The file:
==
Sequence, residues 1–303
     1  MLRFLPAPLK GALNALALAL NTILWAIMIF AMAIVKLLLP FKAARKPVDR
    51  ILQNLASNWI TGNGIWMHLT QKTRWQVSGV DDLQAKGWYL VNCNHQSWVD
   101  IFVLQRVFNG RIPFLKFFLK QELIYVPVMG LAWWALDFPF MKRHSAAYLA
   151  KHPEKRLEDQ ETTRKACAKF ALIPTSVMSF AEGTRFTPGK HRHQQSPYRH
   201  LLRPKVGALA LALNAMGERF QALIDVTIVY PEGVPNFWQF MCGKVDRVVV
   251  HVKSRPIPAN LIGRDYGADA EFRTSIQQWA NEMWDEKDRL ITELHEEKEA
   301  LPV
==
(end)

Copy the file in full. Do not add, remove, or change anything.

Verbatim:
Sequence, residues 1–303
     1  MLRFLPAPLK GALNALALAL NTILWAIMIF AMAIVKLLLP FKAARKPVDR
    51  ILQNLASNWI TGNGIWMHLT QKTRWQVSGV DDLQAKGWYL VNCNHQSWVD
   101  IFVLQRVFNG RIPFLKFFLK QELIYVPVMG LAWWALDFPF MKRHSAAYLA
   151  KHPEKRLEDQ ETTRKACAKF ALIPTSVMSF AEGTRFTPGK HRHQQSPYRH
   201  LLRPKVGALA LALNAMGERF QALIDVTIVY PEGVPNFWQF MCGKVDRVVV
   251  HVKSRPIPAN LIGRDYGADA EFRTSIQQWA NEMWDEKDRL ITELHEEKEA
   301  LPV